The X10 RF Remote Control in the kitchen stopped working, which could mean only one thing: a set of dead AAA cells.
A negative terminal in the battery compartment showed the expected corrosion:
The corrosion evidently pushed the cell away from the terminal just enough to starve the remote.
The cells, on the other paw, looked just fine:
They’d been in there a year, sported a date code that’s still a few years in the future, and had a 1.3 V loaded output. Looks like that little bit of corrosion gave me enough of a heads-up to get the cells out before they rotted.
2 thoughts on “More Alkaline Battery Corrosion”
So what do you do about corroded terminals to get them working again without mangling them? I’ve tried fine sandpaper on the end of a stick but I’m hoping for something more sophisticated. I have these visions of you electro-etching it and then replating it.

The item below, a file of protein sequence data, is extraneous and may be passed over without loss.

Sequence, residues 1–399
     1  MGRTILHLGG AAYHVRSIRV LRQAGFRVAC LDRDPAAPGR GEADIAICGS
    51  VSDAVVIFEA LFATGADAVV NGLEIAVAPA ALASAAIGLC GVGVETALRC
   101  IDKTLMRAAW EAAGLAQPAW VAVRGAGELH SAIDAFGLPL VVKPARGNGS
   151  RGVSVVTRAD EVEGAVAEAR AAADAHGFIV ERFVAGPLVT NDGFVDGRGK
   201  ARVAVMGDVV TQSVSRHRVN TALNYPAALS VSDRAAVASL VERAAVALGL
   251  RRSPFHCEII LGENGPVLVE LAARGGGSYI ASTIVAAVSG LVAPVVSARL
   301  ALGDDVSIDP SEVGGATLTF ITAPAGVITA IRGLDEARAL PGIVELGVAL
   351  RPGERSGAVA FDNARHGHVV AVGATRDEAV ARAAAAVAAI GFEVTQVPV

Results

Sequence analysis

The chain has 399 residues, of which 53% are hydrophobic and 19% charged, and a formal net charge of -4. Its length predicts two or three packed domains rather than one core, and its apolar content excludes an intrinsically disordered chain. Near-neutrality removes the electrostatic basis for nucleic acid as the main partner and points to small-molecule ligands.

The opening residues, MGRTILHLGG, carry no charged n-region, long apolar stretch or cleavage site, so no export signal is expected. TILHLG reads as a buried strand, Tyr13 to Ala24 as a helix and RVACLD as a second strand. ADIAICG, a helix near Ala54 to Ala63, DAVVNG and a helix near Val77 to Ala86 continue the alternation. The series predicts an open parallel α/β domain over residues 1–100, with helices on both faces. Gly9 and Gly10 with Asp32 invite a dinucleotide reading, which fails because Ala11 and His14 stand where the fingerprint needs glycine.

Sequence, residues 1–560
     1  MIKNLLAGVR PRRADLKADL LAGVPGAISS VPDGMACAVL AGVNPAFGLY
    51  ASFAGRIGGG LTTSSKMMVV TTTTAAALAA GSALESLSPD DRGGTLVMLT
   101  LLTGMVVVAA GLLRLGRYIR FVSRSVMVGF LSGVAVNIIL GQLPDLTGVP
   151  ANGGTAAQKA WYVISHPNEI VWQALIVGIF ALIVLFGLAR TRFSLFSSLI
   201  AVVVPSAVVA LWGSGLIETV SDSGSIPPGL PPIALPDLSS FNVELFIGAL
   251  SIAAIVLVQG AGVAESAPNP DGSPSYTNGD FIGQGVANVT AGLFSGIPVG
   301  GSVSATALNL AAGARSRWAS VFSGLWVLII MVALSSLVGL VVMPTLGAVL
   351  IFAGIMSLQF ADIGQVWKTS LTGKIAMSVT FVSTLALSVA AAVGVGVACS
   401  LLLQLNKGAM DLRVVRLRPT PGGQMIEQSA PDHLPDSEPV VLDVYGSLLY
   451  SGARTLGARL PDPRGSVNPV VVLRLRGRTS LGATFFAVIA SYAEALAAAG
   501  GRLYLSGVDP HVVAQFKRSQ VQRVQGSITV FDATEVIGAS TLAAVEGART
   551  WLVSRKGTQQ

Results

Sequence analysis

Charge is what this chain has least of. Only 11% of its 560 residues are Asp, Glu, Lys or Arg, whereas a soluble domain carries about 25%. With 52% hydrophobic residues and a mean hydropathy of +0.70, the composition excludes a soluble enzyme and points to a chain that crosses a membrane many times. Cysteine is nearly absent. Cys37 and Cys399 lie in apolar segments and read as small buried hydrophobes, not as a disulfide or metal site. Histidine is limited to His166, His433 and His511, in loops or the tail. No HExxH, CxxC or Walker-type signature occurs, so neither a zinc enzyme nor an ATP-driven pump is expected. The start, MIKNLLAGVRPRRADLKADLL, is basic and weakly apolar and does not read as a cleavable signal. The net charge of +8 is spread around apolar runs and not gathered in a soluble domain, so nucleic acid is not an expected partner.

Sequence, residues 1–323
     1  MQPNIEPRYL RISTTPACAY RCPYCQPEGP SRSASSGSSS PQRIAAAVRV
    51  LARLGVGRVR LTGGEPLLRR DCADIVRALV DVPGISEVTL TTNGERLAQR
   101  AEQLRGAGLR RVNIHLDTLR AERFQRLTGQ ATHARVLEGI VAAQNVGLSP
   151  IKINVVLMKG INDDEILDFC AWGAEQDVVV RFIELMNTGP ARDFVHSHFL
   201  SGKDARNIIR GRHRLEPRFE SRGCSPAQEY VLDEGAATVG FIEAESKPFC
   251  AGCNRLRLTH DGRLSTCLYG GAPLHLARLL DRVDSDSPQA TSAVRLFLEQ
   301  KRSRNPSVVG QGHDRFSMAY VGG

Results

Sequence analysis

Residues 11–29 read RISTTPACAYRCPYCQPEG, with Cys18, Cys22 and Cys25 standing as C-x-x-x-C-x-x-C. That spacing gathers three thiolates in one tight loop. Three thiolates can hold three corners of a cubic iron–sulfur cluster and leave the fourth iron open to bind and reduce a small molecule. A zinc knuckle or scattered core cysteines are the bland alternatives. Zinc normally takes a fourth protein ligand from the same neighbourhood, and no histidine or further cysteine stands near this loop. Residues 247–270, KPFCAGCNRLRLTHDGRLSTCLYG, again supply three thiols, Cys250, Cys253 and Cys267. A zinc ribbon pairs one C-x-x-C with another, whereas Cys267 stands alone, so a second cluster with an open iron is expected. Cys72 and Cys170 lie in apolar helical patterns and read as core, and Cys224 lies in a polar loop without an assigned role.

I use a bit of vinegar on a cotton swab to knock down the pH, dab it off with water, let it sit around to dry out, and move on. When I’m feeling especially industrious, I add some Caig DeOxit Red to keep the surface from getting all gritty and intermittent.
You’re supposed to check all your batteries every year, but as nearly as I can tell that wouldn’t do any good. They look fine, right up until they get The Rot. Besides, that starts feeling a lot like work.
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